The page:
One day, wardrobe stylist Chelsea VonChaz was traveling from one job to the next in West Hollywood, Calif., when she passed a woman who was "experiencing homelessness free bleeding." VonChaz just so happened to also be on her period, and the woman's plight struck a chord with her.
"With her being so exposed, it just made me really mad," she told POPSUGAR.
So, VonChaz leaned into her anger and began researching. As she reached out to local shelters, she learned that the shelters weren't allowed to use any part of their budgets to provide menstrual hygiene products for the people they served. This is not uncommon, though some states such as New York are passing legislation which requires schools and homeless shelters to provide menstrual hygiene products.
The lack of access to menstrual hygiene products — which is sadly prevalent in America — is a facet of period poverty.
According to Global Citizen, "Period poverty is the lack of access to sanitary products, menstrual hygiene education, toilets, hand washing facilities, and, or, waste management." With the average woman spending 2,535 days of her life menstruating, lack of access to period products is unacceptable.
VonChaz didn't just see the problem, she decided to do something about it. Together with family and friends, she began organizing period-product distributions to neighborhoods with homeless populations. Then, about a year later, she started a nonprofit called #HappyPeriod. The organization has now been around for six years and has grown exponentially — it has even partnered with corporations such as Cora and The Honey Pot Company.
#HappyPeriod focused on both the distribution of feminine hygiene products and educational programming, but when the pandemic hit, VonChaz was forced to steer it in a new direction. The activist "pioneered the first period protection equipment (PPE) machine, a digital kiosk dispensing boxes of pads, tampons, and even period underwear to replace often-defunct public restroom machines." The PPE machine is cashless and the products are free. (People who stop by give the machine donations.)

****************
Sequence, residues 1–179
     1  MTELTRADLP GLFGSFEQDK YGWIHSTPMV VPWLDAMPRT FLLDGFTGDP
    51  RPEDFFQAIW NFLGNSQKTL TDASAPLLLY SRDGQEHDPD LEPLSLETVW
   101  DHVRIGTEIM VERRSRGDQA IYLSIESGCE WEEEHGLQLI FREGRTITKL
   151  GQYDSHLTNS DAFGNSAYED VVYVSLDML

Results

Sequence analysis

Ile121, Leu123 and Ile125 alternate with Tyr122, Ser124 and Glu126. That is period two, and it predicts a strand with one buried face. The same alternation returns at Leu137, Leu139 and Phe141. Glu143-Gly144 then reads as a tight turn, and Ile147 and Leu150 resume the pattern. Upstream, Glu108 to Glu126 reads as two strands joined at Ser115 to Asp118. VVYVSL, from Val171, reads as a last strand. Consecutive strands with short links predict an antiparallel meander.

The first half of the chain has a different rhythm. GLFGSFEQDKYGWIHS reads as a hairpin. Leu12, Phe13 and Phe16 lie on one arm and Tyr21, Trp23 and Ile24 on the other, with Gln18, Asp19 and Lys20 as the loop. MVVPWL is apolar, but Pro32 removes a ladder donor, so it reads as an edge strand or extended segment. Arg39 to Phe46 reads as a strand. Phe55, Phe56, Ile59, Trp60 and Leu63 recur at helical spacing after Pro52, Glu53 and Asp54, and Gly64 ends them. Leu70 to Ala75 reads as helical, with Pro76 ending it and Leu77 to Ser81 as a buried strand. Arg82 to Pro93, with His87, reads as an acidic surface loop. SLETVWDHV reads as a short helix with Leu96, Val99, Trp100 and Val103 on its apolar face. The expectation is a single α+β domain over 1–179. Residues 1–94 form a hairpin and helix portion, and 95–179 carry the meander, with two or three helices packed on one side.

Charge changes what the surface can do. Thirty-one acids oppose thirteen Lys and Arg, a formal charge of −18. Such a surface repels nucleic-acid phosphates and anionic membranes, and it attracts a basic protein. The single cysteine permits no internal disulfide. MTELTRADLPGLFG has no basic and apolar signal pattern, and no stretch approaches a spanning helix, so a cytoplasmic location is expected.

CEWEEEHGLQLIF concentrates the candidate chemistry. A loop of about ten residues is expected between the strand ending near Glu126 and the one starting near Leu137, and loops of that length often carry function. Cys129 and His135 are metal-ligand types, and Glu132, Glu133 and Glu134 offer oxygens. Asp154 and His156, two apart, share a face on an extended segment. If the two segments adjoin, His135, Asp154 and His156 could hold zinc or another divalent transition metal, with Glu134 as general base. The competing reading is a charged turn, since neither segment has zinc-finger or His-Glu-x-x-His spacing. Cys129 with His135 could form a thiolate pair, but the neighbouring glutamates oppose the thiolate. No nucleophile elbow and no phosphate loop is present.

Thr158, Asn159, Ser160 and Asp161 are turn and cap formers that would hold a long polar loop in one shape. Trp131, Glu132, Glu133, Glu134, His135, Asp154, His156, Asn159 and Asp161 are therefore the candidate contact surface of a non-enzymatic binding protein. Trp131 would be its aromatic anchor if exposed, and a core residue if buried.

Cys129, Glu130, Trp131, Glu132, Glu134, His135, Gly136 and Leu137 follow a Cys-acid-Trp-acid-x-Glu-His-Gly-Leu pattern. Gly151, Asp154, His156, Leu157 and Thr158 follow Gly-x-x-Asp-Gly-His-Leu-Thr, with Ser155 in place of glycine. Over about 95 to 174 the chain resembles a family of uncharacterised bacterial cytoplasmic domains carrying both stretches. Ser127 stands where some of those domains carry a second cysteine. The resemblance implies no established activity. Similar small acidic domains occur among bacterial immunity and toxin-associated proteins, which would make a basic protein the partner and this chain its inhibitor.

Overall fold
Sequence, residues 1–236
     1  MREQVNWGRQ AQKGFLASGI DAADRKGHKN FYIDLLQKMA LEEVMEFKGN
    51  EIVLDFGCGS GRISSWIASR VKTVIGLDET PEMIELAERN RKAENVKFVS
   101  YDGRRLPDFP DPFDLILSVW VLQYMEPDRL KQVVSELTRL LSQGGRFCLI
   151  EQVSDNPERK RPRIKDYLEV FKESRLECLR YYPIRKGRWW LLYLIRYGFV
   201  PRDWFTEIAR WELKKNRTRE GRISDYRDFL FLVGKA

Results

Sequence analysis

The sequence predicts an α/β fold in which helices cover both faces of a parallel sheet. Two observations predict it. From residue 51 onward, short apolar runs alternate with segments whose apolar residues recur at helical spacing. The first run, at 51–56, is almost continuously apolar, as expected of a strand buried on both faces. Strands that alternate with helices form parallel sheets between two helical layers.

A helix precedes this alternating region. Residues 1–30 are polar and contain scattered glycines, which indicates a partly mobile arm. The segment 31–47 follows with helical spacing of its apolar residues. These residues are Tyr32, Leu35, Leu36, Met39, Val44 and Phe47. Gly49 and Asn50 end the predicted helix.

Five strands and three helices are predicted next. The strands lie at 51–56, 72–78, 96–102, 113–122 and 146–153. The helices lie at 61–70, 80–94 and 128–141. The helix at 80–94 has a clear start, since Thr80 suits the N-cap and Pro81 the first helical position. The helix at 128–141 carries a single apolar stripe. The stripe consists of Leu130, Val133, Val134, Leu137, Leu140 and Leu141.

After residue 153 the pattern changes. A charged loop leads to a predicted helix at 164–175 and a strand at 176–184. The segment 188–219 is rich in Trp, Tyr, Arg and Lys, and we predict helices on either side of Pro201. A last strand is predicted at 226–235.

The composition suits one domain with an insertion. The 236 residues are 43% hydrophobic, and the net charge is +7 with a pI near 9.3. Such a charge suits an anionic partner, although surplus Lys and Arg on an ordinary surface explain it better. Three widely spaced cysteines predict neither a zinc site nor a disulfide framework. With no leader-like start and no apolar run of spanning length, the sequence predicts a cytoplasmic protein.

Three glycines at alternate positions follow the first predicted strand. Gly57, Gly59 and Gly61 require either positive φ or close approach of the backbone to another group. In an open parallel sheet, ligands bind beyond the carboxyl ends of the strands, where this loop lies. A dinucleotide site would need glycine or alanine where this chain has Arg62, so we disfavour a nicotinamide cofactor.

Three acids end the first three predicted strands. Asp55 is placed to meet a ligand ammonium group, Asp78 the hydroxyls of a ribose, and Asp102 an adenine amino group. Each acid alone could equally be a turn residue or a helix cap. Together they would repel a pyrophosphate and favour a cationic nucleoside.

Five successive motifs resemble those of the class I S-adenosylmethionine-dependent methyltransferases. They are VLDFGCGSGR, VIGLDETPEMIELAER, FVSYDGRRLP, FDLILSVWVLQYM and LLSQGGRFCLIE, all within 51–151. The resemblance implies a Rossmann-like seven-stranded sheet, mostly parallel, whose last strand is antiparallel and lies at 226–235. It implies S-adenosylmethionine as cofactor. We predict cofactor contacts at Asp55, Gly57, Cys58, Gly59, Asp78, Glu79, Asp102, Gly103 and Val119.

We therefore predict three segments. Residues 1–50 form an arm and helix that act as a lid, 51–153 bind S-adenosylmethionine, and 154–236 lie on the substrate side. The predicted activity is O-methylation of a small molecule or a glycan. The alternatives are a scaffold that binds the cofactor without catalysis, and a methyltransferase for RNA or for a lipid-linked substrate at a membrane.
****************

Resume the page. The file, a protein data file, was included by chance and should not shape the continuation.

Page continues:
VonChaz is now seeking more sponsors for her PPE machines so she can put kiosks in airports like LAX and in schools. "It's not just about serving houseless folks, but people who might not have access to a tampon in that moment," she explained. VonChaz's work doesn't end with product provision, however. She believes that it is ultimately important to educate people about "what products are best for their bodies."
In the interest of promoting education, VonChaz has created free pamphlets and booklets that are available on her website. She also wants to develop a menstrual health curriculum for school districts to adopt. "If [it were] mandatory for the schools to teach this, Black women would not be so far behind in our menstrual health," she said.
VonChaz believes that if Black people who menstruate and give birth had a better understanding of reproductive health, they could do a better job advocating for themselves. Black people "are three times more likely to suffer from uterine fibroids than white people, and the maternal mortality rate is more than three times higher for Black people giving birth," she noted.
"Around the world, Black people and people of color are also the ones struggling most with period poverty," she added.
Because of this, she believes that Black leadership within "menstrual-equity organizations" is important. "No Black girl will be completely impacted by a white woman telling them to switch over to a menstrual cup," she said.
VonChaz's work has had a major impact. So much so, "the nonprofit's work positively impacts one million periods across the country each year."
Not only is VonChaz's work important, but her attitude towards menstruation is one that, if adopted, would empower women everywhere. "Unpopular opinion: menstrual blood is sacred," she said.
Now it's time for women everywhere to join VonChaz's quest and do whatever it takes to end period poverty.